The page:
I think that the hole thing would depend on where the battles would take place because the 2 countries are on opposite ends of the earth, I deffinitly dont think that the Army will be involved but if there is a war i think it will all take place in the air/ air strikes.
"What Canada needs is another good war!" said someone I go to school with, commenting on proving the worth of our Army. The more pacific among us need not worry should a war break out in Asia; it would be primarily fought and won with Naval power, and Canada according to Janes Defense, has none. Well, almost none. If memory serves me correctly, Canada‘s Navy just beat Chile‘s in their ranking, but Mexico‘s edged us out. Just think, the pride of the Canadian fleet are a handful of small twenty year old diesel subs that were rejected by the British Royal Navy because the final product was deemed to not meet their high standards. As for our Army fighting overseas, we have no way to get to the battle. We have no air-air refuelling, we have a few very old Hercs (the oldest one still flying is in Canada‘s service!), and no supply ships--remember the GMS Katie? Maybe we do need to prove the need for a proper Army...
The country still has a very capable Land Force that is capable of holding its own in a ground war, regardless of location or terrain. What is needed, is a committment by the politicians to maintain and increase military spending so that the standards do not erode away.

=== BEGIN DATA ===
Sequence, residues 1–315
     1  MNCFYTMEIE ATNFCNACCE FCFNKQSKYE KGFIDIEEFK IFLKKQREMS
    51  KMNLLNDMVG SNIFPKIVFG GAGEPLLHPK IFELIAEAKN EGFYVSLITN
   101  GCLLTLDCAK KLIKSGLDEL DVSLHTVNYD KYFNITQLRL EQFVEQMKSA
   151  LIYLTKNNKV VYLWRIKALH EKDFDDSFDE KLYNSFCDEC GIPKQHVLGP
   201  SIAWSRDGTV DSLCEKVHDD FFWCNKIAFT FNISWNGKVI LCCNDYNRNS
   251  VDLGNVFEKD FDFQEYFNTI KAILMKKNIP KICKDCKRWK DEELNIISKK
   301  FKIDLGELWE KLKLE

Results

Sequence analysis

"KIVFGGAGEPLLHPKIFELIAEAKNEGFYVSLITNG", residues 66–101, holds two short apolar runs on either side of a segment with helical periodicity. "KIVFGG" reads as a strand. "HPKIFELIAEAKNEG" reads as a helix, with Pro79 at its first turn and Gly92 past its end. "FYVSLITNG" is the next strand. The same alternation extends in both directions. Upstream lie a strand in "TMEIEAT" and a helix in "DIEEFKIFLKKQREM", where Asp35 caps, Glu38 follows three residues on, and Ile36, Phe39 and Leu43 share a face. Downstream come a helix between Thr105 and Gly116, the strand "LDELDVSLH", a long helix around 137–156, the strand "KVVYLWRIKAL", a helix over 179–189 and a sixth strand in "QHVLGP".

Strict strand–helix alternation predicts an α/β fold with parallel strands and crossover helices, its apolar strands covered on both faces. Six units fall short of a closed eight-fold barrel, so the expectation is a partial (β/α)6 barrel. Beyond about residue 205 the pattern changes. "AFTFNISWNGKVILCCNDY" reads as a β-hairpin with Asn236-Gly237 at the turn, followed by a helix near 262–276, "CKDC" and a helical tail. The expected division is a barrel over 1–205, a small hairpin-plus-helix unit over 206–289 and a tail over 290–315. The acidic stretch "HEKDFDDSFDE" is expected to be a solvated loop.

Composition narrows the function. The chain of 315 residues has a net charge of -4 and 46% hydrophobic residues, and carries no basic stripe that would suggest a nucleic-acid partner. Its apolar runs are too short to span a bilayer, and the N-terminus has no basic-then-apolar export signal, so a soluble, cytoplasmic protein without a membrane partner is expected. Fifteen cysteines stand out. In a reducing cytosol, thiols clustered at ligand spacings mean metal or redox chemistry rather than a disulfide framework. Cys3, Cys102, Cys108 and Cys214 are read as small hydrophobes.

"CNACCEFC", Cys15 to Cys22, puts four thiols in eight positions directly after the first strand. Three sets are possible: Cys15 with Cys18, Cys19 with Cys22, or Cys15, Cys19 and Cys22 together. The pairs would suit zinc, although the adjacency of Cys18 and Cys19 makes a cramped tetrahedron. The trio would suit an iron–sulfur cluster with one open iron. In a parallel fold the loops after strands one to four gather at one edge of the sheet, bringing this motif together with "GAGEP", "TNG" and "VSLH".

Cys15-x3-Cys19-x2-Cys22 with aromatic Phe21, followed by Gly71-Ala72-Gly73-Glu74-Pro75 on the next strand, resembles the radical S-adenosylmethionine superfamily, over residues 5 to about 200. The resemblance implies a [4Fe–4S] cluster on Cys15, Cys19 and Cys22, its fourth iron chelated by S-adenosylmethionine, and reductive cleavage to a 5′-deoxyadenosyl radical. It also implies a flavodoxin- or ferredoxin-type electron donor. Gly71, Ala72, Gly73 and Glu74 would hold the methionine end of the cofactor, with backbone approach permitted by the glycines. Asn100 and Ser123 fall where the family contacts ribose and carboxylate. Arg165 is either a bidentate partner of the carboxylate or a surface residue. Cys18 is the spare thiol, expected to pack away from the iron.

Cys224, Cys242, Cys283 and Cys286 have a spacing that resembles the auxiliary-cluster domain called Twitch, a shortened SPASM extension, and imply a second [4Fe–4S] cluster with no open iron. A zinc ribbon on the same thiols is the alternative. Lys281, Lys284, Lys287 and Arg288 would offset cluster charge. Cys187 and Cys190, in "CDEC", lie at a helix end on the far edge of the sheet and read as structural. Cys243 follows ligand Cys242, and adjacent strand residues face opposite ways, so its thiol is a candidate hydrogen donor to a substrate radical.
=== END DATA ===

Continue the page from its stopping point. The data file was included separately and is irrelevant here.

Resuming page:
Patriot, Canadian soldiers are the most versatile and among the best trained regulars in the world. In spite of this, our hundred and fifty or so tanks and three regular force battalions of infantry would not repel an armour assault a-la Soviet doctrine (wave after wave of heavy armour). If Canada were at war defending the homeland or overseas in support of NATO or UN committments, we might just get buried.
It takes more than a highly trained, smart soldier. I compel you to recall Oct. 3, 1992, MOgadishu. The US Rangers (highly trained light inf, just like us) come under attack. They‘re in serious trouble. The Marines could not respond with their M60A3‘s for whatever reason and the US Army armor did not for their reasons... but a Pakistani armour force saved them. With T-54‘s and T-62‘s, a hungry, poorly trained army bailed out the elite US Rangers. The moral of my story? It takes more than good training. Yes, political will and a supportive public is what we really need--but that must lead to some new equipment and more soldiers. We‘re among the best trained in the world; it is high time we are equipped as well as we are trained.
The relief force to the downed Blackhawk was not a Pakistani relief force. It was composed of the 10th Mountain Division‘s Rapid Reaction Force, which borrowed some Malaysian and Pakistani armoured vehicles along with their drivers.
I believe your example runs contrary to the point you are trying to prove. The US Army Rangers, a small and lightly-armed, but highly trained, force, when surrounded , managed to inflict casulties upon an enemy of upward estimates of 1000 men...for the loss of 18 Rangers.
Just look at the Blue Pennent of the PUC on the Colours of the 2PPCLI. There stand is a testement to how superior soldiers can overcome mass attacks.
All I know about the ‘Battle of the Black Sea‘ I got from Mark Overton‘s ‘Blackhawk Down‘. A good read, but written by a journo, rather than someone with a military background. Anyone know of any other good sources on this engagement? Thanks...
One of the posters there was actually apart of Task Force Ranger, and he has answered many questions.
Just make sure you read through all the old posts before you post a question, because repetitive questions will be flammed.